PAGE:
Even so, for a company whose business was acknowledged to be well made but oh so-sober machinery for the bread and butter market, BSA rarely seemed to be for too long without a sporting model in the range. In 1924 there was a cracking little 350cc ohv model. And dining the Thirties the Star series was very popular. The Empire Star, Blue Star and Blue Star Special ranges were to culminate in 1938 in the all alloy 85 x 85mm 499cc Gold Star.
Few people today realise that this series began with a model that is now widely regarded as the very epitome of the flexible slogging sidecar machine, the famous Sloper. Yes, the long stroke 80 x 98mm 493cc Sloper, designed by Harold Briggs and long term BSA stalwart F W Hulse, was around in 1926 and sold as an uncompromising super-sports machine with the expectation that it would be used in racing.
Orthodox in conception, the Sloper nevertheless incorporates some interesting points. The inclined cylinder — which was to set a short lived but intense fashion — suppressed vibration, and the steeply sloping frame tubes allowed a fashionably low riding position. Indeed, the top of the Terry or alternative Lockie super sports saddle was only 24in from the ground. BSA's own girder front fork was used with the sturdy duplex frame. There were 7in brakes front and rear. A departure for BSA was a saddle tank rather slab sided to modern eyes — containing two gallons of petrol. Overall weight was a remarkably low 300lb.
The cylinder and head were cast iron and the nickel steel valves were disposed at 90 degrees in a fully hemispherical combustion chamber. Light alloy pushrods and valve gear were enclosed, though the ends of the rockers and valve springs were in the open air.
The lubrication system was semi dry sump, oil being carried in a large container cast integrally with the crankcase. A submerged gear pump forced oil into the caged two row roller big-end, after which it was distributed by splash, and as oil mist. Surplus oil was picked up by the flywheels and returned to the integral sump by a scraper.
There was an indicator on the delivery side of the pump to show that oil was circulating, and the rate of flow could be regulated by a control on the crankcase which, said the brochure, could "easily be reached from the saddle". An optional extra was a separate oil tank bolted to the saddle tube, with a foot pedal operated pump supplying oil to the rear of the cylinder wall "for long distance races".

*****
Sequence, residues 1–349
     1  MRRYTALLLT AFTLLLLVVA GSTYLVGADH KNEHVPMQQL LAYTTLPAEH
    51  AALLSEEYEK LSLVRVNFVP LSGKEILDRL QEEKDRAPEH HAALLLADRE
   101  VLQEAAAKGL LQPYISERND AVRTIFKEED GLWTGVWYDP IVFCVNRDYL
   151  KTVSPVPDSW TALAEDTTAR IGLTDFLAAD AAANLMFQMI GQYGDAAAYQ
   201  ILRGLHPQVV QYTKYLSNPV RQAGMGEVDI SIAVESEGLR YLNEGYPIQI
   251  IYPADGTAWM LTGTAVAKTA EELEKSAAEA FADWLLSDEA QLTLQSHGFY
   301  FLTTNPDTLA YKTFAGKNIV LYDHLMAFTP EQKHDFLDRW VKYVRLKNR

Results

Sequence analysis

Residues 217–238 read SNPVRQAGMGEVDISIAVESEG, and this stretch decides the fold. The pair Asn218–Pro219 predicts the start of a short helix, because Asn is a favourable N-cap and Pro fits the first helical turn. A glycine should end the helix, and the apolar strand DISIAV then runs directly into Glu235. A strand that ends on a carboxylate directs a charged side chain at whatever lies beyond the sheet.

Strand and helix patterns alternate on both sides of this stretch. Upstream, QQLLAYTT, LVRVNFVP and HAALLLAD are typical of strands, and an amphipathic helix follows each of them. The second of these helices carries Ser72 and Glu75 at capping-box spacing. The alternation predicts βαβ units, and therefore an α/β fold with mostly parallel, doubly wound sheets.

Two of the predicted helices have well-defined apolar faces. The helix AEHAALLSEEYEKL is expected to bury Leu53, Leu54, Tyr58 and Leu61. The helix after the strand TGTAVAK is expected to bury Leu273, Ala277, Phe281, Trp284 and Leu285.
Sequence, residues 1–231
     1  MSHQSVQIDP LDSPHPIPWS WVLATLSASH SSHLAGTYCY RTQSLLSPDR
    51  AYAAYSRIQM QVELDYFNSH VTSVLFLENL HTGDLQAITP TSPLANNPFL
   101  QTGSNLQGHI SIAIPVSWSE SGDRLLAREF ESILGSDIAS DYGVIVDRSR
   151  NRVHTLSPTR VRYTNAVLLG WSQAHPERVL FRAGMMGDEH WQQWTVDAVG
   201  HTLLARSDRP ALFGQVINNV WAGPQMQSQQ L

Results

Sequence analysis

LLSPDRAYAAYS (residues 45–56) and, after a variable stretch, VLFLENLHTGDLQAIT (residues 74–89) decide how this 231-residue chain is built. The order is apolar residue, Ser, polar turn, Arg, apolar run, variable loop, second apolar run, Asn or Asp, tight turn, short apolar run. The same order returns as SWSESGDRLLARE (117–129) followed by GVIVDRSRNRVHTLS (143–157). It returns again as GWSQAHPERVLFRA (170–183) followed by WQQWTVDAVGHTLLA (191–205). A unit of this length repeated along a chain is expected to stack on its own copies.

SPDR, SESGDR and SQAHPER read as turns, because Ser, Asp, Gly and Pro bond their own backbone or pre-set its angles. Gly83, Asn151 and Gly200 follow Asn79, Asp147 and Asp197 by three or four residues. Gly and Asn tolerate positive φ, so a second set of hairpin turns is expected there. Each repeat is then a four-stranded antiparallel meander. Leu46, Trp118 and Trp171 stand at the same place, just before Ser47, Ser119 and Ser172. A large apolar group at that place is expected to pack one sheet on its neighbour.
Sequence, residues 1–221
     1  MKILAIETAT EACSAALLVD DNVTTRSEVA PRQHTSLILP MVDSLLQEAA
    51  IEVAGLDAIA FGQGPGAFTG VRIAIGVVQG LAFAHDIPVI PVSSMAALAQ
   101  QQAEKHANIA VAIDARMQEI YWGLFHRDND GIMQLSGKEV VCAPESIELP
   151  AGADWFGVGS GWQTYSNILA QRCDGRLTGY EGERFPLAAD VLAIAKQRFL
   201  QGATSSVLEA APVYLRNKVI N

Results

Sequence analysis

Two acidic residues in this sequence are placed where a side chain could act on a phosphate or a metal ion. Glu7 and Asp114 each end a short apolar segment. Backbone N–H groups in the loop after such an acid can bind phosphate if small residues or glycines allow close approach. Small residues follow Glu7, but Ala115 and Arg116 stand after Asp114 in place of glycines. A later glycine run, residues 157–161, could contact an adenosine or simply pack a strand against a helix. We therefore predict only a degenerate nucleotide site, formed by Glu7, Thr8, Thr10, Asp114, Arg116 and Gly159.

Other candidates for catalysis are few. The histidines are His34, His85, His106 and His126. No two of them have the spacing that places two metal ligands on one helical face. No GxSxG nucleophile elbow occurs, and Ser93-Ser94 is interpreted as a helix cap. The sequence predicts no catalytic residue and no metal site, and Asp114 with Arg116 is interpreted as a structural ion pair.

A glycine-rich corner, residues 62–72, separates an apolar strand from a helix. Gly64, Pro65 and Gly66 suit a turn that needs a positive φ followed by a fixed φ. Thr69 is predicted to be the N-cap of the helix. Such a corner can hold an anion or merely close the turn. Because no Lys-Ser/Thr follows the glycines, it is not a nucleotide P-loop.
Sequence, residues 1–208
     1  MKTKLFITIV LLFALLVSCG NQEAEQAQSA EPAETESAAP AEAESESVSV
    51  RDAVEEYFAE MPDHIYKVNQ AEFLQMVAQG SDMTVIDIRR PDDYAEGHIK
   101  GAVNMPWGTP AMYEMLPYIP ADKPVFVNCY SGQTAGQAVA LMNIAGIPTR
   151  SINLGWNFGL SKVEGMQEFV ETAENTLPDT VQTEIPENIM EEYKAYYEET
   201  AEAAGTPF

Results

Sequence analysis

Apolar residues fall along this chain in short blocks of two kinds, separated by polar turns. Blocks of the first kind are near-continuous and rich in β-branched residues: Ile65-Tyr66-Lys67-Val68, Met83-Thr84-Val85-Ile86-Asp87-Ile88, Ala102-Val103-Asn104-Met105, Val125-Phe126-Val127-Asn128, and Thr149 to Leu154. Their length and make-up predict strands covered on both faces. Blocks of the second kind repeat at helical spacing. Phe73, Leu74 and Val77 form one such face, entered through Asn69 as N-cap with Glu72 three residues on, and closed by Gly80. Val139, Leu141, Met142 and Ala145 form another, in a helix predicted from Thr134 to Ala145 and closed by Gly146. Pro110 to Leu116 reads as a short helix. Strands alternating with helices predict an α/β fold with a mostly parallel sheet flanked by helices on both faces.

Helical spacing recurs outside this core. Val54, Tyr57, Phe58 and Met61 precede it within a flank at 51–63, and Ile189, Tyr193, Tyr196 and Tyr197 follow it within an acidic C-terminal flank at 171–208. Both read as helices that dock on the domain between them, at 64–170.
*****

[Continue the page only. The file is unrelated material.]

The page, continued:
There was a genuine Lucas racing magneto set behind the cylinder and an Amac TT carburettor. A 2in exhaust led the gases into a large capacity silencer that not only proclaimed 'Brooklands' in its appearance, but which actually conformed to the regulations in force at the famous Weybridge track.
Steel flywheels were standard in an age when most manufacturers made do with cast iron. But there was more. An alternative high compression piston was supplied at no extra cost, as were a racing sparking plug and high ratio engine sprocket The three speed constant mesh gearbox could be supplied with close ratios on request But surely the clincher was the offer — for an extra £5 — to supply an engine guaranteed to make 25 bhp at 5250 rpm rather than the adequate enough standard 18 bhp.
Nor were the public backward at taking advantage of this offer, whether or not they intended to go racing. So popular were these tuned engines that some unknown storekeeper at BSA stencilled a star in quick drying red paint on the crankcase to distinguish them. So a name was born: the Red Star designation entered the catalogue during 1927.
The 500cc Sloper made no great impact as a genuine racing motor cycle. What successes BSA did advertise were almost all in long distance Colonial events. And, almost unbelievably, neither The Motor Cycle nor its rival Motor Cycling published a road test of the Sloper in solo trim. Indeed the only test published between the Sloper's announcement and its disappearance at the end of 1932 was with a sidecar, late in 1927. The Motor Cycle was enthusiastic enough, and gave the combination's top speed as a little more than 55 mph, but the test was not very informative.